June 3, 2012; Houston, TX, USA; Cincinnati Reds relief pitcher Logan Ondrusek (66) pitches against the Houston Astros during the eighth inning at Minute Maid Park. The Astros won 5-3. Mandatory Credit: Thomas Campbell-USA TODAY Sports

Why Logan Ondrusek Should Not be in the Reds' Bullpen in 2013

 

Logan Ondrusek is not a good pitcher. This must be distinctly understood, or nothing wonderful can come of the story I am going to relate (A Christmas Carol reference…I thought it was funny.) In all seriousness, though, Ondrusek is not a good pitcher, and his above average 3.46 ERA last season was simply a product of one thing- luck. In reality, he was a mediocre to terrible pitcher last year and in this article I’m going to detail why I think he should be pitching for Louisville come 2013.

Last season, Ondrusek posted a less than impressive 5.44 FIP and a 5.39 xFIP. A concise way of explaining both FIP and xFIP is to say that it is an estimation of what the pitcher’s  ERA should have been given neutral luck, and they are calculated in subtly different ways. For a detailed explanation, you can look here. I say less than impressive, but what I mean is that those numbers are absolutely terrible. In fact, behind Jeff Gray of the Minnesota Twins (who posted a 5.71 ERA in 2012, so he was significantly less lucky than Ondrusek), Ondrusek had the worst FIP and xFIP for any relief pitcher in the majors. I’m not normally a fan of using WAR for pitchers, but Ondrusek’s -0.9 mark out of the bullpen is such a standout that I absolutely have to mention it. Behind Josh Lindblom, this was, again, the second worst mark in the majors. So, why are Ondrusek’s advanced metrics so bad, and how did he skate away with a decent ERA in 2012?

Well, we have to start with Ondrusek’s “strikeout rate.” I use strikeout rate in quotations, because Ondrusek hardly struck anyone out last year. He had 39 strikeouts in 54.2 IP, giving him a 6.42 K/9, which was in the top 20 lowest for last season. His paltry strikeout rate wouldn’t be such a problem if his walk rate wasn’t so high. He walked 31 hitters in 54.2 innings last season, giving him a walk rate of  5.10 BB/9, one of the 7 worst in baseball. For reference, that’s a 39:31 K:BB, giving him a strikeout to walk rate of 1.26 which is absolutely awful, and was second worst in baseball behind Jeff Gray’s 1.18 mark.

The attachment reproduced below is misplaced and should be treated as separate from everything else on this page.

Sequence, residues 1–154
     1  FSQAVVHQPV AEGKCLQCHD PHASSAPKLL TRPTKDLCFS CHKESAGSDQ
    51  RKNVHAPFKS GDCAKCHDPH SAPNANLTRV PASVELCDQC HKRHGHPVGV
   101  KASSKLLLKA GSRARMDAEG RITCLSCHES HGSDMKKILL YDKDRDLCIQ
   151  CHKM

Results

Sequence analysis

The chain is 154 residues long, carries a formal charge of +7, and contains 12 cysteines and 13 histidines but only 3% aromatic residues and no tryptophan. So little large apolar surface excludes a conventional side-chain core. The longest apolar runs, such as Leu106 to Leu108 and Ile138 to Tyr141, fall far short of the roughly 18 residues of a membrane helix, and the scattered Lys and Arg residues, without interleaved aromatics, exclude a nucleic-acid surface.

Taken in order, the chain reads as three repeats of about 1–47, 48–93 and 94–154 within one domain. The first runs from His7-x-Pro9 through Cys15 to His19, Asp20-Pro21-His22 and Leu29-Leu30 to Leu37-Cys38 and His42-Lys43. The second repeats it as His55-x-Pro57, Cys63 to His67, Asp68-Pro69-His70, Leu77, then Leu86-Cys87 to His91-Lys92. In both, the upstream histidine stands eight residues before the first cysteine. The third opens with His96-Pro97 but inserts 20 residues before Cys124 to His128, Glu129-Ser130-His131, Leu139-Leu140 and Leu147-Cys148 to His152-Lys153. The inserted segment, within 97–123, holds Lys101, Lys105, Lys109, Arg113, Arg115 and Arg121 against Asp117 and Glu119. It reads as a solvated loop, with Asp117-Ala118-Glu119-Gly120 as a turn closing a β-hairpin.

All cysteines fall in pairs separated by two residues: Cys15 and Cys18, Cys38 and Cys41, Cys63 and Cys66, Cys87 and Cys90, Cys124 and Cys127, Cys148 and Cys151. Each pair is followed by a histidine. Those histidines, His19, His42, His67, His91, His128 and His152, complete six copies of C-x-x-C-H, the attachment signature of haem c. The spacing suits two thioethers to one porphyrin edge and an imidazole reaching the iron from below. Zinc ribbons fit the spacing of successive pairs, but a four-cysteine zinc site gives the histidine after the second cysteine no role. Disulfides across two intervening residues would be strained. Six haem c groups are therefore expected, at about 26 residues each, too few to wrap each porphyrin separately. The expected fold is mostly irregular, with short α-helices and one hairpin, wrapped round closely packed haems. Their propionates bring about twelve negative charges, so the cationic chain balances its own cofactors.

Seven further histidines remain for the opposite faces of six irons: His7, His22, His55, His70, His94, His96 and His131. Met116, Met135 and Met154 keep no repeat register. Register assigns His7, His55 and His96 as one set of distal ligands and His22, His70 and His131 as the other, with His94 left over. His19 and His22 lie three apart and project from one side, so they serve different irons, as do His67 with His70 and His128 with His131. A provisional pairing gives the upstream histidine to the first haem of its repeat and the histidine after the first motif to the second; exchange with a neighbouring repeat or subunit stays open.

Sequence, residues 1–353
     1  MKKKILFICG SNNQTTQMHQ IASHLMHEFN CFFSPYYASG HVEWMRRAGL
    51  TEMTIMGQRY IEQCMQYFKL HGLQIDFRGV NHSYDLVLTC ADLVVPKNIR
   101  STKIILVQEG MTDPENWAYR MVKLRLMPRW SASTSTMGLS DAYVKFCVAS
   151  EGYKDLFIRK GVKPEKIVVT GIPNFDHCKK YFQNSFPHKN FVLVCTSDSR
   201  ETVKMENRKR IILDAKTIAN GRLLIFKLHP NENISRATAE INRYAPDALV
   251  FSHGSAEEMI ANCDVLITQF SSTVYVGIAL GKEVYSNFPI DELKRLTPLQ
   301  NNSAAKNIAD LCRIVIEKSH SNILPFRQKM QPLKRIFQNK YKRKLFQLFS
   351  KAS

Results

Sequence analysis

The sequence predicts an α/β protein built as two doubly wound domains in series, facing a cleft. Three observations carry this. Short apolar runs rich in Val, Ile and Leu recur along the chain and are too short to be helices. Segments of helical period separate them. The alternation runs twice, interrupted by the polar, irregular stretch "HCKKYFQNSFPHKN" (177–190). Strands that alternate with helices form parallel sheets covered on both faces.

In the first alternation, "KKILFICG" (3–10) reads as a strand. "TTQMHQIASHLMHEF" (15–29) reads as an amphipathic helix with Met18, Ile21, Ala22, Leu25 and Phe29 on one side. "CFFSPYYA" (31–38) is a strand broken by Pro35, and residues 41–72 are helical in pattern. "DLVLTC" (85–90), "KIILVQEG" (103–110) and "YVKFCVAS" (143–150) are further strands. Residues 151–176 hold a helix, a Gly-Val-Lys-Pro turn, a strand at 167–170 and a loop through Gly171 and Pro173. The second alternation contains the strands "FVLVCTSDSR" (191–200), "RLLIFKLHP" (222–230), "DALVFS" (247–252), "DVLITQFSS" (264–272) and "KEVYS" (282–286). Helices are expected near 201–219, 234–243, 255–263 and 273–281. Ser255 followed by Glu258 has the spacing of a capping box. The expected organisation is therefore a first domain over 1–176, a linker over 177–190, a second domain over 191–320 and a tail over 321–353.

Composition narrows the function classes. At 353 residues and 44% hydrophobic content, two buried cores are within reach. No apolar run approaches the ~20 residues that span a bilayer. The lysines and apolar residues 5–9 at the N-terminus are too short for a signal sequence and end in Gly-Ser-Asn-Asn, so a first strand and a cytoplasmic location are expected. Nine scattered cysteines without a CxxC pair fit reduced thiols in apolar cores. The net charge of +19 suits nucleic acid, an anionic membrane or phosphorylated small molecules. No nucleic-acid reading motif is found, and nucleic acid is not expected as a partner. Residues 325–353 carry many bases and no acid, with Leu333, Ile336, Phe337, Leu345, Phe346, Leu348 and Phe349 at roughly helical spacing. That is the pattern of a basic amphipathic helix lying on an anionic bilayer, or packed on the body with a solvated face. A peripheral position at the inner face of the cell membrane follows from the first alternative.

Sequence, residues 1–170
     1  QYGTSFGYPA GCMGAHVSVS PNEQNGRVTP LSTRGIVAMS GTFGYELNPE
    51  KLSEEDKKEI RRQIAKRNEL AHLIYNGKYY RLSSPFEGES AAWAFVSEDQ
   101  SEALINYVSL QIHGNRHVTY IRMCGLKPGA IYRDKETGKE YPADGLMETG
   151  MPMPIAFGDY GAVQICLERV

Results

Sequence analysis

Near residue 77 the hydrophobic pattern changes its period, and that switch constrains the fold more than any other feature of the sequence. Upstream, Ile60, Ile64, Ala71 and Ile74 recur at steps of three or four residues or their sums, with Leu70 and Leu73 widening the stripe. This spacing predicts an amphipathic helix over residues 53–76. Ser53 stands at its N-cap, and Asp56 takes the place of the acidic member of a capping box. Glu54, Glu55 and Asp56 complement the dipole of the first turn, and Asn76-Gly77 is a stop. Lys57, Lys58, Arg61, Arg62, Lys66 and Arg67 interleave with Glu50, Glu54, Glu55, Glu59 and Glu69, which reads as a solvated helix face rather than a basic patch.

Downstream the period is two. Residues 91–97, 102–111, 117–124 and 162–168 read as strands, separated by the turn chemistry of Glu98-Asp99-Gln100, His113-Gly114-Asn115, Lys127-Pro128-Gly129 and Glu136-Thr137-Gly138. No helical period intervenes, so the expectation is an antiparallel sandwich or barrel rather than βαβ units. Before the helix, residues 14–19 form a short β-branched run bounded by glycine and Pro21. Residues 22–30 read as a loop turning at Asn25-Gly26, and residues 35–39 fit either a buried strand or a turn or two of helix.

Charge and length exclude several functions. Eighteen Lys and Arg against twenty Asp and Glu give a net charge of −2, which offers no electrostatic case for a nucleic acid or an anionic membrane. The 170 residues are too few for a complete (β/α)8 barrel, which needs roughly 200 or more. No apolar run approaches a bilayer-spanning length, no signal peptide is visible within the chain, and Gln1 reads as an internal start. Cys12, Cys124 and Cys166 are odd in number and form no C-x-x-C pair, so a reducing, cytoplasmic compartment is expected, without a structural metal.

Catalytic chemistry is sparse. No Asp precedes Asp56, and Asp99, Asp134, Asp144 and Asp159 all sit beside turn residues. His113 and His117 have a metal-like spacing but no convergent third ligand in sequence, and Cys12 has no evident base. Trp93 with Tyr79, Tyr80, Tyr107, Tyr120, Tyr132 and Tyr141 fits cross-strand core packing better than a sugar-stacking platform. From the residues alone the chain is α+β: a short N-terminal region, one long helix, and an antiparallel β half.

We can see pretty clearly that Ondrusek’s problem isn’t just outlined in advanced metrics and stats, but even in standard stats. His WHIP of 1.50, coming as a result of all of the walks he gave up, was one of the 10 worst in baseball. I think we can now see what the problem will be with Ondrusek in 2013- if he keeps walking hitters at this rate, and his luck on balls in play runs out (his .265 mark in 2012 was well below average), we could see him post an ERA close to his FIP and xFIP marks, with a WHIP nearing 2. Bill James, Steamer, and ZiPS all see him as a pitcher who will post an ERA of around 4.50 next season, and that might be generous. Ondrusek seriously could be the worst relief pitcher in baseball next year, and the Reds would be smart to dodge that bullet before it’s even shot.

All of this information alone should be enough to condemn Ondrusek to Louisville, but there’s more. He also has some solid competition in J.J. Hoover and Manny Parra. Of the two, I believe that Hoover is the better pitcher, but Parra may be more useful for the 2013 season. I’ll explain what I mean later on.

Frank Victores-USA TODAY Sports

(RELATED: Why J.J. Hoover Should Be in the Bullpen on Opening Day)